The sunset was really pretty tonight. Too pretty. I felt like when I got home from work, that there would be a phone call telling me why there was such a pretty sunset tonight. And there was.
My aunt died, and the phone call came about 10 minutes after I got home.
I had the chance to speak with her last week. She was incredibly lucid and intelligent, as always, but she knew it was the end. I don’t know if I want to be so aware of my dying when the time comes, but she was. We had a short conversation, which for us is about 10 minutes. Generally, if we’re on the phone, it’s about an hour each time. During that phone call, she told me that it sucks to be dying, and that she’s really worried about how her kids (my two cousins Brent and Staci) and my dad (her younger brother) would take the news once it happened.
(Actually, and this makes me smile through all of this, she said, “I’m worried how Brent and Staci and your brother will take it.” She meant her brother, my dad. During our conversations, she’d always slip up at least once in this department, saying something about “your brother” when she always meant HER brother. So it’s fitting that in our last conversation, she of course did it too.)
She told me that of all the family, I was the most like her. I said I took that as a high compliment, and she said it could also be a curse. And we laughed. She said she had a good life, got to go places all over the world, eat good food, and generally have a good time wherever she went. She told me that she loved me. And at the end of the conversation, said, “I hope this isn’t our last conversation, but if it is, I want you to know that I’m glad you’re my niece.”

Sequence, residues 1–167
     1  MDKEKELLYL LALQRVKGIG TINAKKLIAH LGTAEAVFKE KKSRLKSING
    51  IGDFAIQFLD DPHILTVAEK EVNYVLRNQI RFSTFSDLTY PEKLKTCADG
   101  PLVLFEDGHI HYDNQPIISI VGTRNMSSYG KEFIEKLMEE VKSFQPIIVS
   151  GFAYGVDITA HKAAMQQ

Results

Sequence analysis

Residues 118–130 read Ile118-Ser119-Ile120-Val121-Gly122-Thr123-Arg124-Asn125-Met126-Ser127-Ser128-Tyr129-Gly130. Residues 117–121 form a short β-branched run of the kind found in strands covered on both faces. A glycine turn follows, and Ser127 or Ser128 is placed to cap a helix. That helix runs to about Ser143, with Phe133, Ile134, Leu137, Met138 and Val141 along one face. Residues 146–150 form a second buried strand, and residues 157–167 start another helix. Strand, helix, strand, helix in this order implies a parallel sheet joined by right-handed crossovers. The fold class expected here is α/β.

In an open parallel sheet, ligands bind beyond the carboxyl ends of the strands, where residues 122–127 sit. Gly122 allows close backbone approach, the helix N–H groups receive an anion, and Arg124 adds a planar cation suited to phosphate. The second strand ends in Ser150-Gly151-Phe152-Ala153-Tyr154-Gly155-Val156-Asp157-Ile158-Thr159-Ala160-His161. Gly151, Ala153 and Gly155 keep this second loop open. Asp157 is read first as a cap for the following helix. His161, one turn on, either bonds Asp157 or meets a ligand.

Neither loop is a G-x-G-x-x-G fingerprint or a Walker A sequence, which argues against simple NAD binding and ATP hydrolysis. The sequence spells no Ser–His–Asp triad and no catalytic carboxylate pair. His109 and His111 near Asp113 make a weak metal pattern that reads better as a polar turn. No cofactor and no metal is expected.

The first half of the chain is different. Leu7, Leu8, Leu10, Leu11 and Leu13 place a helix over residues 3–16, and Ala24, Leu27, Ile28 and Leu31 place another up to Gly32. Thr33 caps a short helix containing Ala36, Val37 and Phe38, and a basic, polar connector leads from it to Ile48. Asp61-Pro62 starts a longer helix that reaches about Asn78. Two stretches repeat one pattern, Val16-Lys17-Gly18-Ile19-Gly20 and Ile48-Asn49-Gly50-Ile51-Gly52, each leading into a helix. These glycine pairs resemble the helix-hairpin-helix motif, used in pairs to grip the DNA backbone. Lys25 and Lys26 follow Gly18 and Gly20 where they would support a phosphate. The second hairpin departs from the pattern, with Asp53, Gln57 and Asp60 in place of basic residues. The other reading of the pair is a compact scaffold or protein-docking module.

We got to see her this summer. My family and I stopped by her house for a few days on our way home from the Maryland coast. Seeing her was really what we built this trip around. I wanted my kids to know her, and her to know them. I am so, so thankful that we did this. My grandmother used to say that we were such a small family, all we had were each other, and my aunt would go on to say that later, too. Small, but close. And I can’t even think how many times now I’ll go to call her and realize that she’s not there.
I spent a summer with her once. I was 16 and worked for her at one of her model homes. We had such a good time together. We went shopping and ate really awesome things and had wine (I was encouraged to learn), and stayed up late, and went to work about 11 a.m. During that time, she told me that she was my Auntie Mame. I didn’t know what that meant, and she explained it was a character in a book (and movie, and theater production) who was an eccentric, well-dressed aunt. I watched this movie later in life, and decided she was exactly right.
I’ll be writing her obituary later this week, reflecting on the important highlights of her life, but also how she just had fun living it. Her memorial is going to be at a Chinese restaurant, which is so her. I can just see her there, wearing something shiny and bright, working the room like it was a cotillion, and encouraging us all to just order what we want. It will be a party she’d be honored to have, and also, sad to have missed.
I leave you with a clip from Auntie Mame, hoping that somewhere in your life, you have what I had in my Aunt Barbara.